In July, state auditors found that the Kansas Department of Corrections had overestimated cost savings of a lease-purchase agreement and said it would be more cost-effective for the state to borrow money by issuing state bonds.
According to the auditors, bond financing would cost $178 million over 20 years, whereas lease payments over the same time period would cost $206 million.
“These results differ from KDOC’s preliminary estimates, which were missing key variables and used inconsistent assumptions that tended to favor a lease-purchase option,” the audit report said. “If KDOC chooses a lease-purchase option, there are some additional contract risks that will require legal counsel with skills specific to lease financing for large scale construction projects.”
With its original facility completed in 1867, Lansing Correctional Facility is the oldest and largest correctional facility in Kansas. As of June 2017, Lansing held more than 2,300 inmates. For fiscal year 2017, it employed almost 600 staff and had an operating budget of more than $40 million. The original part of the prison is still in use, and houses maximum security inmates.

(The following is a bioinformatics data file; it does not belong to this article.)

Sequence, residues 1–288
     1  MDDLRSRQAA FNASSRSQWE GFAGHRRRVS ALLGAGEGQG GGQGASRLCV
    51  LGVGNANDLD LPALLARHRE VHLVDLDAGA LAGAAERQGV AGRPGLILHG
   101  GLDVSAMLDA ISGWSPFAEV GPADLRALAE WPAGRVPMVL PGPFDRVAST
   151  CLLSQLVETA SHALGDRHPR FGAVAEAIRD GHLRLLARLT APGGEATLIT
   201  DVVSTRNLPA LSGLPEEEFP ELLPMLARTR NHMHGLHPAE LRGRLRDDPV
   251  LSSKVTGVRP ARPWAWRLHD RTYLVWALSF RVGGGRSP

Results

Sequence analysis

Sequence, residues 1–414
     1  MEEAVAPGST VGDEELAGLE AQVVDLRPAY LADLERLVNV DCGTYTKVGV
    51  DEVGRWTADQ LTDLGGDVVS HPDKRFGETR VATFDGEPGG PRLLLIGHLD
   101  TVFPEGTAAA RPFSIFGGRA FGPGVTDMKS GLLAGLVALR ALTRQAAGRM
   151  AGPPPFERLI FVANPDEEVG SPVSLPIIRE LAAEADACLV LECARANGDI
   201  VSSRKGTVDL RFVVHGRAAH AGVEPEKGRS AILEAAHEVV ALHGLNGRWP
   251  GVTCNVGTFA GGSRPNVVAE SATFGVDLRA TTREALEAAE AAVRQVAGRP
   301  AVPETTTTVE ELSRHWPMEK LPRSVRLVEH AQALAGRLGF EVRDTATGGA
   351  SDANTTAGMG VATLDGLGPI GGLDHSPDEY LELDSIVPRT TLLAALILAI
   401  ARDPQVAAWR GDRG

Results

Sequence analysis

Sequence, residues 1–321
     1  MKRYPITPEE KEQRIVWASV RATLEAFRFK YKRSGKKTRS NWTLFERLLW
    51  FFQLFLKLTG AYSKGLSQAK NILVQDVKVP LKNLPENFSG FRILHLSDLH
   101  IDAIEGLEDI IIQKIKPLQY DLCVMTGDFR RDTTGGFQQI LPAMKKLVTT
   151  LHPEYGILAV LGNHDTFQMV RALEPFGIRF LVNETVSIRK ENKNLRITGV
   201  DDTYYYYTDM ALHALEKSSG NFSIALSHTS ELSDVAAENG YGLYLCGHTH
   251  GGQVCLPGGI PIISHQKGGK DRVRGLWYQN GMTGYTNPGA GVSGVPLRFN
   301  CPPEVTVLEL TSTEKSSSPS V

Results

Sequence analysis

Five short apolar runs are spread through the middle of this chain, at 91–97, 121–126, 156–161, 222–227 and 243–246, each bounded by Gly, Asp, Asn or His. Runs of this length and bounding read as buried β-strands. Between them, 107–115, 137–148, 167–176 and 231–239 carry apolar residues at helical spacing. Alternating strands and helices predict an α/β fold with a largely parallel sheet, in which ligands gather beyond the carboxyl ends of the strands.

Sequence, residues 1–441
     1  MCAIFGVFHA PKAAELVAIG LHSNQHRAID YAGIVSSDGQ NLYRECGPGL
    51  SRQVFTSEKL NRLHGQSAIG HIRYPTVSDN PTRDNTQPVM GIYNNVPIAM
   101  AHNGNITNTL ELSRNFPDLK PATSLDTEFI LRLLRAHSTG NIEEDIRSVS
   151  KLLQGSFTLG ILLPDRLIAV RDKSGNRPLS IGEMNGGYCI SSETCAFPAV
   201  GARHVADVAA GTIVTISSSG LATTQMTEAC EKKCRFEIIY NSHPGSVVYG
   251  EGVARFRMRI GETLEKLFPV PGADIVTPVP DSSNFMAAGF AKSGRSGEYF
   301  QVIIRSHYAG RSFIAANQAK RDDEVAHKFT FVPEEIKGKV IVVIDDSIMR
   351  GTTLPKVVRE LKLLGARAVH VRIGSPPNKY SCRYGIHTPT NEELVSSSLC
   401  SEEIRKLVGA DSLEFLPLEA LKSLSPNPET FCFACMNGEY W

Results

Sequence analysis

KDOC plans to rebuild Lansing’s medium security unit so it can hold medium and maximum security inmates. A request for proposals for this project was issued in April 2017. KDOC officials are not considering renovating the existing facilities due to their age and outdated design. Officials sought to make the project budget neutral by requiring fewer correctional officers.
In the 2017 Legislative Session, KDOC presented the project concept to the House Transportation & Public Safety Budget Committee, the House Corrections and Juvenile Justice Committee, the House Appropriations Committee, and to the Joint Committee on State Building Construction.
Lawmakers authorized KDOC to request bids from vendors and move forward with seeking approval from the legislature for the preferred bid. This measure specifically authorized KDOC to seek bids for projects only at the site of the current facility in Lansing.
With the passage of the 2017 Omnibus Budget Bill, the legislature granted the Department authorization to pursue bond-financing or a lease-purchase agreement.